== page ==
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Mr. John Greenway (Ryedale): My right hon. Friend mentions our constituents, but does he have in mind also the interests of our councillors? Does he believe that if

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councillors reflect the view of local people who do not want large developments in their area, those developments should not go ahead?

Mr. Redwood: My hon. Friend has foreseen something that I shall propose later in my speech. As part of our common-sense revolution--which is much needed in this country after two years of this miserable Government--we believe that local authorities in prosperous, low-unemployment areas, such as that for which my hon. Friend speaks, should be able to say no to more housing. We believe that they know best, and that there is no reason to swamp those areas with further house building that they do not want.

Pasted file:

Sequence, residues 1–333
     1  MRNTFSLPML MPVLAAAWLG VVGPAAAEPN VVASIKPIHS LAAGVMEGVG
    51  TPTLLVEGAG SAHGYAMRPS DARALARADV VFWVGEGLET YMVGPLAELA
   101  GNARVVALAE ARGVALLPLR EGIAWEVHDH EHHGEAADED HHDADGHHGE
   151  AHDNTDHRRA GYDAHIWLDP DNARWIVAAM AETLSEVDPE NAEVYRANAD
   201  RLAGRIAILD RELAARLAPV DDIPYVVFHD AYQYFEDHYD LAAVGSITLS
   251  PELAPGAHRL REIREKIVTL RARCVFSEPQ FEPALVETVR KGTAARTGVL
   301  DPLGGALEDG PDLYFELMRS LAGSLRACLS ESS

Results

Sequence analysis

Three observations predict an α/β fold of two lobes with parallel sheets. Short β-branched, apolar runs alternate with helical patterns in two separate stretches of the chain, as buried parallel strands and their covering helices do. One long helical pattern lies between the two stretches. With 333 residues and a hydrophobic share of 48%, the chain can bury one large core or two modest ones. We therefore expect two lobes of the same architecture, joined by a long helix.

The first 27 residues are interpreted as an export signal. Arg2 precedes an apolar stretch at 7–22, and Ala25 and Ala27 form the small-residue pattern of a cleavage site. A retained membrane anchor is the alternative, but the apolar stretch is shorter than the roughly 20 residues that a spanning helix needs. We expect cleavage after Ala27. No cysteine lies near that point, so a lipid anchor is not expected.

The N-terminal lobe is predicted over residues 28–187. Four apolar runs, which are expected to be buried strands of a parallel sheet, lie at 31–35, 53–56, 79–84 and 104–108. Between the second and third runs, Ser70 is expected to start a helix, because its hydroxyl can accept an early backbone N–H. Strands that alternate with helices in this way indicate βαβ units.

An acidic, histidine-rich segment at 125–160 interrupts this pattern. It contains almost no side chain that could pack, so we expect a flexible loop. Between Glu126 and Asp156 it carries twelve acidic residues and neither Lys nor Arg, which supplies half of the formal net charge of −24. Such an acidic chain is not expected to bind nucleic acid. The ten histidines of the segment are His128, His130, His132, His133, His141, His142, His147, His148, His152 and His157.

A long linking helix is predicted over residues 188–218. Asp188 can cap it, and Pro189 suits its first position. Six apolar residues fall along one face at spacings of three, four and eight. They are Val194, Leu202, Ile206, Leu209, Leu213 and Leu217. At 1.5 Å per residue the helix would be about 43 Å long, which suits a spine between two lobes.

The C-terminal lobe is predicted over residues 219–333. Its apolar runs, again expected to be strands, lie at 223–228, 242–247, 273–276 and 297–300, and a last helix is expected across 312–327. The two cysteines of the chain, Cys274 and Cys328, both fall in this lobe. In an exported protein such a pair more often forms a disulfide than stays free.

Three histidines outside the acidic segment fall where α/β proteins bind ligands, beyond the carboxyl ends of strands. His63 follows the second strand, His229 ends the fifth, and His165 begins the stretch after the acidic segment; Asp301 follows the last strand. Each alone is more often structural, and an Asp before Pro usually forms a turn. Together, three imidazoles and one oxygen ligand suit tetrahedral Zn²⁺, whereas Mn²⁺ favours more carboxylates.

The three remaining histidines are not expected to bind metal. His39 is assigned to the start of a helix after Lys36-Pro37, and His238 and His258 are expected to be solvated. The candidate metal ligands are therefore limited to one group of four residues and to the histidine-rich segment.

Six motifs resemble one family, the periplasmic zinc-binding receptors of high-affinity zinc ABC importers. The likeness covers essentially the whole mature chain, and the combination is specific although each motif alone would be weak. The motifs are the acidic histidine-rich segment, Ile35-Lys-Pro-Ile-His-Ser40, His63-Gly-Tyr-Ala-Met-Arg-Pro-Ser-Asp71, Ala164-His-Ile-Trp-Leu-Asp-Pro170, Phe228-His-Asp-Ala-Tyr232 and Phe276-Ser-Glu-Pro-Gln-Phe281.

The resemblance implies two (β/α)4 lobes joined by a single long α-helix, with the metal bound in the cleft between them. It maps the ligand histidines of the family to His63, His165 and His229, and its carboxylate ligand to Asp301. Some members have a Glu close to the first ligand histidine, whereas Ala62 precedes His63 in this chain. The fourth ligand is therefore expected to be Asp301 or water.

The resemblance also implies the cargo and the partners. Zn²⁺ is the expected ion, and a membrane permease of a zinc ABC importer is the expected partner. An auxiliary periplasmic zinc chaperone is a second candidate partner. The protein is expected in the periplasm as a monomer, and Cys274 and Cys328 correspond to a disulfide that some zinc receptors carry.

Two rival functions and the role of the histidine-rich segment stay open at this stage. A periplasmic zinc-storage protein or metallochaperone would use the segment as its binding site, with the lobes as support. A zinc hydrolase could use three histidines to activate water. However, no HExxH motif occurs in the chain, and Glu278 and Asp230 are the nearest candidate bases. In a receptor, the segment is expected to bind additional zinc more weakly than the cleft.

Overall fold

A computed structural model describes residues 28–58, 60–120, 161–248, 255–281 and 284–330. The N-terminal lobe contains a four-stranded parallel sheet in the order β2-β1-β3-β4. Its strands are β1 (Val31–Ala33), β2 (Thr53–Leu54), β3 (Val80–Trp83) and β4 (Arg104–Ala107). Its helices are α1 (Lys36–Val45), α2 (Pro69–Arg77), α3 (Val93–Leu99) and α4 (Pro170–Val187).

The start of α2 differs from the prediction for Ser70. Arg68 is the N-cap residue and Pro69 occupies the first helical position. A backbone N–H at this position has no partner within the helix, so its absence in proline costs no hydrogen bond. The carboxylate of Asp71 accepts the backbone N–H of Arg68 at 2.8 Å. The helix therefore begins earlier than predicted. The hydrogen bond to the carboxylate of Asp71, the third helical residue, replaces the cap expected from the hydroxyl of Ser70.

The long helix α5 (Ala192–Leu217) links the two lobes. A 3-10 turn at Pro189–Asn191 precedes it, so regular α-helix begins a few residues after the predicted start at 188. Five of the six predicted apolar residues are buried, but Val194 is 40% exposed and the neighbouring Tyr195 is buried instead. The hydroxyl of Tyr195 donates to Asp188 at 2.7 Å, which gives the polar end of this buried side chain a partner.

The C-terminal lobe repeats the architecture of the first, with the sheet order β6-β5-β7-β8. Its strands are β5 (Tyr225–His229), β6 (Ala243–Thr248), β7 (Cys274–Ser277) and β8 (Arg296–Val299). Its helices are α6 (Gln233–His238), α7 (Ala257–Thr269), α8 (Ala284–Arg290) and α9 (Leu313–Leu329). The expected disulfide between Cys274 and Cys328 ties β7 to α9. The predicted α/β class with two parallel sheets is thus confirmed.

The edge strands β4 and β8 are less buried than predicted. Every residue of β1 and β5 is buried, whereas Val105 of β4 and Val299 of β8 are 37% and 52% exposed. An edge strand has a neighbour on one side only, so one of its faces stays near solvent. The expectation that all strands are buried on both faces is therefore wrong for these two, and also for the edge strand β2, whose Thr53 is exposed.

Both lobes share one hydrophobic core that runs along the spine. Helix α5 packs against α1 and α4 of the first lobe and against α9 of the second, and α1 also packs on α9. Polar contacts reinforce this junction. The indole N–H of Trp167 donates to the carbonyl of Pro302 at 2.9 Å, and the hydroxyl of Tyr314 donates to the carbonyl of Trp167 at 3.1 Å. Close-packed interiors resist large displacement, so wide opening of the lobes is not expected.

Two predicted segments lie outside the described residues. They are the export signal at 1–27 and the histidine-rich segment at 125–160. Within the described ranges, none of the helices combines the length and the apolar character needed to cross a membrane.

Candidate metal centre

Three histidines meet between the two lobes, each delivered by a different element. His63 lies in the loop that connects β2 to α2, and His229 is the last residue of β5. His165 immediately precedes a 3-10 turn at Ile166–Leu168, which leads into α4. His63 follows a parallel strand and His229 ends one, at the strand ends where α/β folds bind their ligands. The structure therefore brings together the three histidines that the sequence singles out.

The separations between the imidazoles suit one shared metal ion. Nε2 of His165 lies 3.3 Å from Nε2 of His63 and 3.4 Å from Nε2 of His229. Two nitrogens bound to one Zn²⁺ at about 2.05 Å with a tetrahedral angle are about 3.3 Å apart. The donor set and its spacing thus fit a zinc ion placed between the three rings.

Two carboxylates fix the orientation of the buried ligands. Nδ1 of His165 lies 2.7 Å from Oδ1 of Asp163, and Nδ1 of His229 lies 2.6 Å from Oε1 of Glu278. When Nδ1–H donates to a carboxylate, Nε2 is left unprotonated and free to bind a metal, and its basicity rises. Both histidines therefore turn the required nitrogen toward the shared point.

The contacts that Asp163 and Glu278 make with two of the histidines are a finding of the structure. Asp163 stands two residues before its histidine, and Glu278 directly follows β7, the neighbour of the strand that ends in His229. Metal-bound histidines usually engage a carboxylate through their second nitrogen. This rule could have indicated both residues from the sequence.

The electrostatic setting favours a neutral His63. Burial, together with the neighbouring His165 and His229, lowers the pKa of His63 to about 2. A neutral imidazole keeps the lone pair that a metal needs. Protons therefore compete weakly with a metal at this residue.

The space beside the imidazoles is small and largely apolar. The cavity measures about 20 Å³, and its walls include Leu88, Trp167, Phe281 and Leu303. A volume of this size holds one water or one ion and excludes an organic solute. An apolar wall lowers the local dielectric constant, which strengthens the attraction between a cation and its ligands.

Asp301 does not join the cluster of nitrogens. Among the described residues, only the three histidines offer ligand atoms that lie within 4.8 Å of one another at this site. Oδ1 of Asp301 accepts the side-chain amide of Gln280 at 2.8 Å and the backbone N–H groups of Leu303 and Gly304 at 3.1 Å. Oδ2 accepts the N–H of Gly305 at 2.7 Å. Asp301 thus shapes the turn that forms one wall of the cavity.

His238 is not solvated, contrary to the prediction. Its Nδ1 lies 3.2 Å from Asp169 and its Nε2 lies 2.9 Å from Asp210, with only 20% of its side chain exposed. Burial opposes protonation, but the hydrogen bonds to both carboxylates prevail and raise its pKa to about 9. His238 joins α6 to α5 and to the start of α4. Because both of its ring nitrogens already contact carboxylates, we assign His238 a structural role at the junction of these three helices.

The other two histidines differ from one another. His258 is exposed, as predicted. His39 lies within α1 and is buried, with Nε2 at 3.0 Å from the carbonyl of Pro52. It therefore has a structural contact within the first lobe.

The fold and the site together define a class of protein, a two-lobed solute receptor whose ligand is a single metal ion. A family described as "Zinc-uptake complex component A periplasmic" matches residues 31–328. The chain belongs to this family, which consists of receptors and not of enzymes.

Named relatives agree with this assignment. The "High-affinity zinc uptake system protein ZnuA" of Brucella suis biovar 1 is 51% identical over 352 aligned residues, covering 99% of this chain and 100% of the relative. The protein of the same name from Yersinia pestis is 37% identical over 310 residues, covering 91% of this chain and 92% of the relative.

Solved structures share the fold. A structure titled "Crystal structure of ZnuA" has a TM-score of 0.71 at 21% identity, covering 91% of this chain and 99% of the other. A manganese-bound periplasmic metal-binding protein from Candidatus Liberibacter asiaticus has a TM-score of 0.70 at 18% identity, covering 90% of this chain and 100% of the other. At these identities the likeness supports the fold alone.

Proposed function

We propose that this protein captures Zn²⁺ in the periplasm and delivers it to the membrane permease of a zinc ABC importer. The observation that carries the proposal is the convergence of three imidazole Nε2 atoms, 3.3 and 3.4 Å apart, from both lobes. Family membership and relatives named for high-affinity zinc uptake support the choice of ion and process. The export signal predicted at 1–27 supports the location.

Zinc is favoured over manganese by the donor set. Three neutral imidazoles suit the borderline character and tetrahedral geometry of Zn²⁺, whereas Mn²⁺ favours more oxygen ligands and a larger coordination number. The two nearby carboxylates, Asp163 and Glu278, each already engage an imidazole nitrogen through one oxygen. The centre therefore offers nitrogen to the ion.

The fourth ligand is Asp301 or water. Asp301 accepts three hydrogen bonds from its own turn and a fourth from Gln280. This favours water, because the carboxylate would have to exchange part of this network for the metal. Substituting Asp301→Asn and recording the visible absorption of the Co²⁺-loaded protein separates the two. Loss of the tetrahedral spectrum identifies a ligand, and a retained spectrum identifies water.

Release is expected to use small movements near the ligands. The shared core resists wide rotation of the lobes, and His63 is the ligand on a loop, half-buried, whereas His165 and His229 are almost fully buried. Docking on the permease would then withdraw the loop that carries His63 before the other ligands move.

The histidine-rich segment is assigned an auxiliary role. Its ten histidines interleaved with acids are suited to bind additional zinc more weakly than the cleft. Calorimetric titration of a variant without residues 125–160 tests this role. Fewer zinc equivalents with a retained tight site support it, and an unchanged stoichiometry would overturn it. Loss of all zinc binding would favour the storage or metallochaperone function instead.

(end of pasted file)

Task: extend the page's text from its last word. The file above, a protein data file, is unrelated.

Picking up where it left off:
Mr. Paul Truswell (Pudsey): If the Conservative party is such a staunch defender of the green belt, why has Rawdon Conservative club in my constituency so vigorously pursued a planning application to build in a special landscape area within the local green belt? Is it because the Tories' attitude to the green belt is dependent on whether they are chasing votes or chasing cash?

Mr. Redwood: The hon. Gentleman must try better than that. If he had been listening to my remarks, he would have heard me say that I believe in local determination, based on local opinions. I am sure that local councillors can come to a better solution than Ministers.